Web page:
EGU General Assembly 2022
© Author(s) 2022. This work is distributed under
the Creative Commons Attribution 4.0 License.

Bioprotection and Maritime Built Heritage: A Preliminary Investigation of the Protective Role of Seaweed on Natural Cement 

Timothy Baxter, Martin Coombes, and Heather Viles
Timothy Baxter et al.
  • School of Geography and the Environment, University of Oxford, Oxford, United Kingdom

Historic maritime structures, including harbours and breakwaters that are valued as heritage assets, are common along the coastlines of Europe. As with other hard substrates in coastal environments, these structures often support the growth of marine wildlife. As well as contributing to the geomorphic evolution of rocky coasts, sessile organisms including those that form dense biological covers (e.g., seaweed, barnacles, mussels etc.) alter engineering materials by both enhancing and retarding weathering and erosion. Due to their age and traditional construction, historic maritime structures may support unique abiotic-biotic interactions. However, compared to natural rock and modern infrastructure constructed of concrete, there is limited understanding of how biogeomorphological processes operate on built heritage assets. This includes on materials such as natural cement that is commonly used as a hydraulic binder in the construction and restoration of maritime built heritage across Europe. An improved understanding of these interactions should allow practitioners responsible for the conservation of marine biodiversity and the historic built environment to make more informed decisions about their long-term sustainable management.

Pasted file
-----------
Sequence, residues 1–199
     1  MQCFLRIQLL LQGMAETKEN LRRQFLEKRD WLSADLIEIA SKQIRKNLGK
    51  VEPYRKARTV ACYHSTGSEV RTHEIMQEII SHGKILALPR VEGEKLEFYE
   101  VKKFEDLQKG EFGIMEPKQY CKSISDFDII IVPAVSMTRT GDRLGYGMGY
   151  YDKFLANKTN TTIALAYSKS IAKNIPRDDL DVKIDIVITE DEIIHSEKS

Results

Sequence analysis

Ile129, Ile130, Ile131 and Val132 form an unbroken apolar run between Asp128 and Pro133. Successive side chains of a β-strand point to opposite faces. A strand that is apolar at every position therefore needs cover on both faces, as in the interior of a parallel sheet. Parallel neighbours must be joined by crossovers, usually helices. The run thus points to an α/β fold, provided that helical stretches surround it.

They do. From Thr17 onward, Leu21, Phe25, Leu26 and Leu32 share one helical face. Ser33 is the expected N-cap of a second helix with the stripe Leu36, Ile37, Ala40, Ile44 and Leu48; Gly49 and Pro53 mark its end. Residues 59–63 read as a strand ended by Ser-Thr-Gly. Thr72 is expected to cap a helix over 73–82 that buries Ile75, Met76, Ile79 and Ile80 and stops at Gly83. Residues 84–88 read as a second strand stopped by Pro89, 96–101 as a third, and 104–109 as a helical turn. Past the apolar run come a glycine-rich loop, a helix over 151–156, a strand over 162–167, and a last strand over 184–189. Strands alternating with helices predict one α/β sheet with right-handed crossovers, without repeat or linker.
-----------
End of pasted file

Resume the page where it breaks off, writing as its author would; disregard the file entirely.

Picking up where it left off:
As part of a larger project exploring the two-way interactions between marine wildlife and historic maritime structures, this study assesses the influence of seaweed canopies (Fucus vesiculosus and F. serratus) on the deterioration of natural cement. After six months exposure to intertidal conditions at Portland Port (Dorset), UK, sample blocks of natural cement attached to substrates with 95–100% seaweed cover were compared to those attached to bare surfaces. Preliminary analysis suggests that surface hardness, surface roughness, and material loss vary between seaweed-covered blocks and those left uncovered, indicating they may have experienced different levels of breakdown during exposure to intertidal weathering and erosion. Monitoring of near-surface microclimates showed that temperature extremes and fluctuations were significantly dampened under seaweed canopies compared to adjacent areas of uncolonised rock. As mechanical rock weathering processes are influenced by surface temperature regimes, we infer that these stabilising effects may translate to a reduction in the efficacy of particular rock breakdown processes over a relatively short period of time.

Overall, this study presents the first empirical evidence of the bioprotective potential of seaweed on materials commonly used to construct and repair historic maritime structures. This implies that opportunities exist for the application of nature-based solutions for the management and protection of historic structures in marine environments alongside habitat provision and biodiversity conservation. Future work is now needed to examine the geomorphic roles of seaweed and other marine organisms on different types of materials used in built heritage conservation, and the extent to which the impacts of these organisms vary in time and space in relation to other biological, chemical, and physical agents of change.

How to cite: Baxter, T., Coombes, M., and Viles, H.: Bioprotection and Maritime Built Heritage: A Preliminary Investigation of the Protective Role of Seaweed on Natural Cement , EGU General Assembly 2022, Vienna, Austria, 23–27 May 2022, EGU22-8577,, 2022.